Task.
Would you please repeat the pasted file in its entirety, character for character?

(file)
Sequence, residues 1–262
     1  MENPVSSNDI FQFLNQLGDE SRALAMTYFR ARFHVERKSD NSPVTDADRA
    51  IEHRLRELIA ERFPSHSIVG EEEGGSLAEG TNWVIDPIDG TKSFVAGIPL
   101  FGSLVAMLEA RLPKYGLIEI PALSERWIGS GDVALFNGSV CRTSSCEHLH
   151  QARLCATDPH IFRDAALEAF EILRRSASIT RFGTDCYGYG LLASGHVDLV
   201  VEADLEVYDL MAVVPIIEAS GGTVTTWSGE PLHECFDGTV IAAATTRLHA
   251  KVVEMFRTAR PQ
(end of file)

Sequence, residues 1–262
     1  MENPVSSNDI FQFLNQLGDE SRALAMTYFR ARFHVERKSD NSPVTDADRA
    51  IEHRLRELIA ERFPSHSIVG EEEGGSLAEG TNWVIDPIDG TKSFVAGIPL
   101  FGSLVAMLEA RLPKYGLIEI PALSERWIGS GDVALFNGSV CRTSSCEHLH
   151  QARLCATDPH IFRDAALEAF EILRRSASIT RFGTDCYGYG LLASGHVDLV
   201  VEADLEVYDL MAVVPIIEAS GGTVTTWSGE PLHECFDGTV IAAATTRLHA
   251  KVVEMFRTAR PQ